Last Friday, in my English 703: Critical Approaches to Children’s Literature class, the students and I spent 5 minutes talking nonsense. We’d been reading theories of nonsense, and Lewis Carroll’s Alice books — I thought it would be both fun and educational to put those theories into practice.
So, based on our readings of Tigges, Anderson and Apseloff, and others, I had them enumerate some of nonsense’s formal qualities: language as game; use of puns, double meanings, inversions, opposites; playing on idiomatic language, taking figurative language literally; and so on. Then, we prepared for the nonsense chat. I set it up as a conversation with me on the one side, and a student on the other. These were the rules: (1) I asked them to raise their hands when they felt they had an entry point. (2) When the student could sustain the nonsensical banter no longer, she or he was to pass off the conversation to the next person whose hand was raised.
If speaking nonsense isn’t your forte, you could modify the above exercise as follows: make the teacher both referee and equal participant (i.e., not obliged to hold up the entire side of the conversation). Speaking nonsense comes quite easily to me. (Try to contain your surprise.) You see, my brain naturally comes up with multiple options in reply. Most of the time, I chose the “sense” reply, and ignore the other options. If I’m in a social situation, I listen to the other options, and will move back and forth between humor and seriousness, depending on my audience.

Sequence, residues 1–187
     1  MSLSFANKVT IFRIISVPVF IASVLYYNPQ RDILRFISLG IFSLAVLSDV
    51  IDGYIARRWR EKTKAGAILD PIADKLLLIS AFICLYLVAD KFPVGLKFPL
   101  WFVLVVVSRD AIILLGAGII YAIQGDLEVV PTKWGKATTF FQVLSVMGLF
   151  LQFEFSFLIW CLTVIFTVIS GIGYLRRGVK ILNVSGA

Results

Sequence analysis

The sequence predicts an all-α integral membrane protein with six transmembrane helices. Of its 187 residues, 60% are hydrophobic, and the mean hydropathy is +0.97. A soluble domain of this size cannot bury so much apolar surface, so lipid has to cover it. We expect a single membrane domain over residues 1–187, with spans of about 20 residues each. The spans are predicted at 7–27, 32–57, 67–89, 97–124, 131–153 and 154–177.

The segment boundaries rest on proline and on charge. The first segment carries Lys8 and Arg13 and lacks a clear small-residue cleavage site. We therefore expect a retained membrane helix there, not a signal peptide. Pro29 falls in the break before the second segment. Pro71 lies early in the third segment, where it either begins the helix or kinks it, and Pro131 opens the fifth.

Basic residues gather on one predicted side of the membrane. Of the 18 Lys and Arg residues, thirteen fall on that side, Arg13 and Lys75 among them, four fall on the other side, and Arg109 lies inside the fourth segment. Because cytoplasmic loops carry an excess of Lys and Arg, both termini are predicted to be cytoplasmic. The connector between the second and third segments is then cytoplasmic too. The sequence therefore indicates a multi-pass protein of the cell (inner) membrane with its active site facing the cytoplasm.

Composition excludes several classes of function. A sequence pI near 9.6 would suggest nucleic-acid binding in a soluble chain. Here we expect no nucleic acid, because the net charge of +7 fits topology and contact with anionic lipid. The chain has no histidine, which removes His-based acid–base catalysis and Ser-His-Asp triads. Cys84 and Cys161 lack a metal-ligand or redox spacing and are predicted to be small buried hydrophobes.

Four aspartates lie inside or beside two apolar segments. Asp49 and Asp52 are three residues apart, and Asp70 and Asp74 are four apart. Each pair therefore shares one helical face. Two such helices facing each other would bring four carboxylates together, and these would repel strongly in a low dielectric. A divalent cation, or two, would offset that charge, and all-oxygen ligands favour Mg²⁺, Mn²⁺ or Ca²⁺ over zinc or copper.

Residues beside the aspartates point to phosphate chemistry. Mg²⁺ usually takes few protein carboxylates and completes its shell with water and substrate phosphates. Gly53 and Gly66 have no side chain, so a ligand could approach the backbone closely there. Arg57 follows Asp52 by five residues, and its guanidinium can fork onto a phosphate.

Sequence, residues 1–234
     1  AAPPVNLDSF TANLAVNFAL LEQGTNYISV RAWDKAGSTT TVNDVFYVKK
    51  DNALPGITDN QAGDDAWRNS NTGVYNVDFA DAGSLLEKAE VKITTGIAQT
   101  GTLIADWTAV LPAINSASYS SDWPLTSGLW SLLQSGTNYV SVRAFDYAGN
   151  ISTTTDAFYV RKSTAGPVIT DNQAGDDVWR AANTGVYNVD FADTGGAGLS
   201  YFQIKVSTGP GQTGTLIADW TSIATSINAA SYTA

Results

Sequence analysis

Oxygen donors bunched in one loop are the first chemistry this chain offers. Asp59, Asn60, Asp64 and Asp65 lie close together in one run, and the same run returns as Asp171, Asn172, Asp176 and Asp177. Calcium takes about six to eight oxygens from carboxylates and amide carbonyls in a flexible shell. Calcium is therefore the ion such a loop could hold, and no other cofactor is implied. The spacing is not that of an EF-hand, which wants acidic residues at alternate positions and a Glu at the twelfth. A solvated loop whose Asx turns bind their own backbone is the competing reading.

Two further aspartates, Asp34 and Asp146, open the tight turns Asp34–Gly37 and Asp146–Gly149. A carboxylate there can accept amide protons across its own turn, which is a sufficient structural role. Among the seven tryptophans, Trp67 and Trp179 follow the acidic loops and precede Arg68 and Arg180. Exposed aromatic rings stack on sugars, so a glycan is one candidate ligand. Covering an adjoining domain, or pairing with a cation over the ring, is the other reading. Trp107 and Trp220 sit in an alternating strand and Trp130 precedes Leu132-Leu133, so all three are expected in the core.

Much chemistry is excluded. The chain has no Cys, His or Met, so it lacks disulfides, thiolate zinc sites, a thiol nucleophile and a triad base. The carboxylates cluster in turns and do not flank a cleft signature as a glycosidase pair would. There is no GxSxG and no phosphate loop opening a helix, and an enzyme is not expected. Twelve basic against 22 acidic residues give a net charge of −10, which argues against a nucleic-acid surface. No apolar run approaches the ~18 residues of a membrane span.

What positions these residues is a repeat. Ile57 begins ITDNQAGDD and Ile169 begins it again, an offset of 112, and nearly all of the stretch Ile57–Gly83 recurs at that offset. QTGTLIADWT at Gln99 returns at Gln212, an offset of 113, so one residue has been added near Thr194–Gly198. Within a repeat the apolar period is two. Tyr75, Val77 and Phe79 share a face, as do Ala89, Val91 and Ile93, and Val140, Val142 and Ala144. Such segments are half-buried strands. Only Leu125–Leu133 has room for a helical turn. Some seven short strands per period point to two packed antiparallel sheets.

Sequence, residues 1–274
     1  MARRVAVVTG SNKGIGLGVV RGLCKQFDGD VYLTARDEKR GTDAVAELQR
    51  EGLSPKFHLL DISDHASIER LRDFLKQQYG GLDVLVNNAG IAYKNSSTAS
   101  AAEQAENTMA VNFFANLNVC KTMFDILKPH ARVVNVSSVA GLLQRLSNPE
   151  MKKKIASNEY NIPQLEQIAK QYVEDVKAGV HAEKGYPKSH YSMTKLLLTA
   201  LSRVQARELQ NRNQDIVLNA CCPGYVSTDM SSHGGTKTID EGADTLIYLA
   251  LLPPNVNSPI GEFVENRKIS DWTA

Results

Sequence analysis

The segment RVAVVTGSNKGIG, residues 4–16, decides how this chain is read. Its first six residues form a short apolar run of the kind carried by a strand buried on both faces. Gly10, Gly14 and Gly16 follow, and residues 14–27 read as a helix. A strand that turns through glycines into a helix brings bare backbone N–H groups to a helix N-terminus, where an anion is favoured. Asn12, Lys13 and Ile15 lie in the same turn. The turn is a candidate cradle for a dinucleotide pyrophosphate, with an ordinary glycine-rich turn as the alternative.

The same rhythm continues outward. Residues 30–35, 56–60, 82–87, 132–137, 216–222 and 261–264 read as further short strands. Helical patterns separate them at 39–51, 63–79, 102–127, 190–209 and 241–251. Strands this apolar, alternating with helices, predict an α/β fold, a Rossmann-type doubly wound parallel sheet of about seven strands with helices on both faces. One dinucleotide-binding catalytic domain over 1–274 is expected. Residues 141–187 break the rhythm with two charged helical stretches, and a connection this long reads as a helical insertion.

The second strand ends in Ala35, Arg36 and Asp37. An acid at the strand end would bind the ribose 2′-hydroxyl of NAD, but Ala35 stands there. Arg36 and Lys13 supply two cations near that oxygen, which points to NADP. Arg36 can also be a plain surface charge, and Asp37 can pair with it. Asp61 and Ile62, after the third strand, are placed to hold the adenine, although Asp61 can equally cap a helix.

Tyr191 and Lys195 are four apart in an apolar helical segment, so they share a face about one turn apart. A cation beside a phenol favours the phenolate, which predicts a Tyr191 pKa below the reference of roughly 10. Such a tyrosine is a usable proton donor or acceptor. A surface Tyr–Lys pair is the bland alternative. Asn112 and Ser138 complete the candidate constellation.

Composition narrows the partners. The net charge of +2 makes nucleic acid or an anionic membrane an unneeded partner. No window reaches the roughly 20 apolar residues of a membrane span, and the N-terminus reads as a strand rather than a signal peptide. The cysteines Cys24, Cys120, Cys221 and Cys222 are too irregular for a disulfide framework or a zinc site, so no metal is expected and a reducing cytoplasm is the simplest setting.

Anyway, back to class. We sustained the conversation for 5 minutes, no problem. (I wish we’d recorded it — some of our exchanges were quite funny.) After we finished, I asked them about the experience of talking nonsense. What had they learned? This conversation was interesting. As one student point out, it’s using language not to communicate, but to compete. As another said, it’s an isolating experience — echoing a comment from nonsense scholar Wim Tigges, whose “An Anatomy of Nonsense” (1987) we read. Speaking nonsense does, of course, heighten one’s awareness of language’s formal qualities: in order to speak it, you sustain syntax in order to subvert sense. As Tigges puts it, “nonsense is not the absence of sense, but rather a frustration of expectations about sense” (25). It plays on the tension between meaning and its absence.
I love to discover pedagogical “stunts” that work (I dislike such stunts for their own sake). This, I am pleased to report, was a useful exercise. It educated while it entertained.